1. On the changeover timescales of technology transitions and induced efficiency changes: an overarching theory

    CERN Document Server

    Mercure, Jean-Francois

    2012-01-01

    This paper presents a general theory that aims at explaining timescales observed empirically in technology transitions and predicting those of future transitions. This framework is used further to derive a theory for exploring the dynamics that underlie the complex phenomenon of irreversible and path dependent price or policy induced efficiency changes. Technology transitions are known to follow patterns well described by logistic functions, which should more rigorously be modelled mathematically using the Lotka-Volterra family of differential equations, originally developed to described the population growth of competing species. The dynamic evolution of technology has also been described theoretically using evolutionary dynamics similar to that observed in nature. The theory presented here joins both approaches and presents a methodology for predicting changeover time constants in order to describe real systems of competing technologies. The problem of price or policy induced efficiency changes becomes natu...

  2. Magnetostrictive hypersound generation by spiral magnets in the vicinity of magnetic field induced phase transition

    Science.gov (United States)

    Bychkov, Igor V.; Kuzmin, Dmitry A.; Kamantsev, Alexander P.; Koledov, Victor V.; Shavrov, Vladimir G.

    2016-11-01

    In present work we have investigated magnetostrictive ultrasound generation by spiral magnets in the vicinity of magnetic field induced phase transition from spiral to collinear state. We found that such magnets may generate transverse sound waves with the wavelength equal to the spiral period. We have examined two types of spiral magnetic structures: with inhomogeneous exchange and Dzyaloshinskii-Moriya interactions. Frequency of the waves from exchange-caused spiral magnetic structure may reach some THz, while in case of Dzyaloshinskii-Moriya interaction-caused spiral it may reach some GHz. These waves will be emitted like a sound pulses. Amplitude of the waves is strictly depends on the phase transition speed. Some aspects of microwaves to hypersound transformation by spiral magnets in the vicinity of phase transition have been investigated as well. Results of the work may be interesting for investigation of phase transition kinetics as well, as for various hypersound applications.

  3. Pressure Induced Suppression to the Valence Change Transition in EuPdAs

    Directory of Open Access Journals (Sweden)

    Baoxuan Li

    2015-01-01

    Full Text Available By applying a hydrostatic pressure, we have successfully suppressed the valence change transition in EuPdAs. The studied compound EuPdAs crystallizes in a P63/mmc space group. Through resistivity and magnetic susceptibility measurements, we find that EuPdAs shows a phase transition at 180 K and another transition below 10 K at ambient pressure, as was reported before. The overall transport and magnetic behavior is to some extent similar to that of the parent phase of iron based superconductors. With application of a hydrostatic pressure, the transition at 180 K is sensitively suppressed with a pressure as low as 0.48 GPa. However, superconductivity has not been induced with pressure up to 1.90 GPa.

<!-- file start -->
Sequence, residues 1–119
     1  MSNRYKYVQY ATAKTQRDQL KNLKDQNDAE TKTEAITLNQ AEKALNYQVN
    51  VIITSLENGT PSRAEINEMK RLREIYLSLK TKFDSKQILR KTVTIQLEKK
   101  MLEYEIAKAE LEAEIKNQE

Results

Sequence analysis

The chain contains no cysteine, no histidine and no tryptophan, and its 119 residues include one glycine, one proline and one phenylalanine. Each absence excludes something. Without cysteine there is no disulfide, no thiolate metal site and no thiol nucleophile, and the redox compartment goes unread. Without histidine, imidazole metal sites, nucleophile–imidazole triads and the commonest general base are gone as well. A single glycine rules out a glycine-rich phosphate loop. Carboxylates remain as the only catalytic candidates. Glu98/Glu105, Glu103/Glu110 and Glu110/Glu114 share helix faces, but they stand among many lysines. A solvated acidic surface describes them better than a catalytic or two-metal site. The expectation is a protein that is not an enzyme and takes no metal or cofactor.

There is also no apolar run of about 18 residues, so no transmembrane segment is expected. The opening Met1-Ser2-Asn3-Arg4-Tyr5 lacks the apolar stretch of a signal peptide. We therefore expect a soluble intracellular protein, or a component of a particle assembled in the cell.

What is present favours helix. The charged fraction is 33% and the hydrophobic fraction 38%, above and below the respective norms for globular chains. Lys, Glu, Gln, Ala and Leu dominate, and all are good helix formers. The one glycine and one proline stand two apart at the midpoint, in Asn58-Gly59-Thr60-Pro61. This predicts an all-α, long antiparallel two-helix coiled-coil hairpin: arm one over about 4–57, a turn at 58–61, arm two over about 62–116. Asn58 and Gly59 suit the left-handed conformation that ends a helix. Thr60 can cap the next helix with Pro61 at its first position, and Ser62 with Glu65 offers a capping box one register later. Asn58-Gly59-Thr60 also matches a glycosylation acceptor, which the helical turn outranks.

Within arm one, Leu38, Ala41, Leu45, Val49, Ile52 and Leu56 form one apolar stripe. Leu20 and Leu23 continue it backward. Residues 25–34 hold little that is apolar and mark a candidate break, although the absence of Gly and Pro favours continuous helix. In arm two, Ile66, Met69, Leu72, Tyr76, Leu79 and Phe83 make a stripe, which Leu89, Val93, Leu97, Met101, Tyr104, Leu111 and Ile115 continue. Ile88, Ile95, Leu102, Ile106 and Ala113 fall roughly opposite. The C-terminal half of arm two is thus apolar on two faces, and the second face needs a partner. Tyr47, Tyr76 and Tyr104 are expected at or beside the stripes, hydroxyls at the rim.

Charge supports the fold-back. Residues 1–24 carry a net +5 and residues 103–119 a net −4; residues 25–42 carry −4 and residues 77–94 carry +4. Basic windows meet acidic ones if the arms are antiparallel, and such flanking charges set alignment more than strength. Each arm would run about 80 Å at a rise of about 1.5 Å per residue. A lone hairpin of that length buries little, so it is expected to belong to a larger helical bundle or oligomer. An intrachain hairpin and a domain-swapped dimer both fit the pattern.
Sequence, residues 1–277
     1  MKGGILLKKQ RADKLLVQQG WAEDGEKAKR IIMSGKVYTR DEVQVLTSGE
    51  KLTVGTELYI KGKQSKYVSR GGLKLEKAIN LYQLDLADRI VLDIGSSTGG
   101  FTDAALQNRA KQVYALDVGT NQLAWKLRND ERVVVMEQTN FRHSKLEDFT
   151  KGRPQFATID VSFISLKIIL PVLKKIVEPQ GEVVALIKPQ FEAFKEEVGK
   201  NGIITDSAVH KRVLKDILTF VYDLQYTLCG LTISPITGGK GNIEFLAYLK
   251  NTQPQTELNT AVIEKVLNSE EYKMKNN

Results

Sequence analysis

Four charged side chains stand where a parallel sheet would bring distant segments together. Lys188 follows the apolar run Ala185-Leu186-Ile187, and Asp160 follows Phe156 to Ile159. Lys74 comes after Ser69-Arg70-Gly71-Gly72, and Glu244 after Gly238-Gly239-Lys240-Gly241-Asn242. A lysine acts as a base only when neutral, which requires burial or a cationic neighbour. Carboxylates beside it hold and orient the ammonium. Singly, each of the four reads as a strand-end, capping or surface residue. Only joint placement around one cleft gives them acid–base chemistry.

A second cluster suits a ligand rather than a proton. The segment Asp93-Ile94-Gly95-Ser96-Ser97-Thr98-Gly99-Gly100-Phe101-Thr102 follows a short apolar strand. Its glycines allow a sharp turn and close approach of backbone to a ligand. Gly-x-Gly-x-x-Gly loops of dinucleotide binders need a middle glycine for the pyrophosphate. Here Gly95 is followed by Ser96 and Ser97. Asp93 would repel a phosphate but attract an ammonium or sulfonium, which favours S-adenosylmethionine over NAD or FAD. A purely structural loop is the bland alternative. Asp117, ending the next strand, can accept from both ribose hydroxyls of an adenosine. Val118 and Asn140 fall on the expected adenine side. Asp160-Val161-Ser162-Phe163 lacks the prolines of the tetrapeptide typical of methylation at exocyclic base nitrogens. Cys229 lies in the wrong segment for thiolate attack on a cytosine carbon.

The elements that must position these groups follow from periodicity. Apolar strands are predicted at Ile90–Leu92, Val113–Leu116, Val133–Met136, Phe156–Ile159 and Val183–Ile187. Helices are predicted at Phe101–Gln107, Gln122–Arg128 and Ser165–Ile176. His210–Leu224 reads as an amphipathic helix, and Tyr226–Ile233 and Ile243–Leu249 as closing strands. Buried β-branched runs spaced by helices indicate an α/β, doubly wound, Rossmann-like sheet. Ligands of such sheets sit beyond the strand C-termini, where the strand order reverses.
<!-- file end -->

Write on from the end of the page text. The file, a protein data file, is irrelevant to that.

4. Transition radiation at radio frequencies from ultra-high energy neutrino-induced showers

    CERN Document Server

    Motloch, Pavel; Privitera, Paolo; Zas, Enrique

    2015-01-01

    Coherent radiation at radio frequencies from high-energy showers fully contained in a dense radio-transparent medium - like ice, salt or regolith - has been extensively investigated as a promising technique to search for ultra-high energy (UHE) neutrinos. Additional emission in the form of transition radiation may occur when a neutrino-induced shower produced close to the Earth surface emerges from the ground into atmospheric air. We present the first detailed evaluation of transition radiation from high-energy showers crossing the boundary between two different media. We found that transition radiation is sizable over a wide solid angle and coherent up to $\\sim$ 1 GHz. These properties encourage further work to evaluate the potential of a large-aperture UHE neutrino experiment based on detection of transition radiation.

  5. Thermally Induced Phase Transitions of CsHSO 4: A Reexamination

    Science.gov (United States)

    Rangavittal, N.; Row, T. N. Guru; Rao, C. N. R.

    1995-07-01

    A reexamination of the thermally induced phase transitions of CsHSO4 shows that the room-temperature phase IV transforms to II around 373 K. Phase III is, however, not obtained by heating IV to 340 K. Phases IV and III can coexist at room temperature under certain conditions; and phase III appears to transform to II at 340 K.

  6. Transitions between levels of a quantum bouncer induced by a noise-like perturbation

    Science.gov (United States)

    Codau, C.; Nesvizhevsky, V. V.; Fertl, M.; Pignol, G.; Protasov, K. V.

    2012-06-01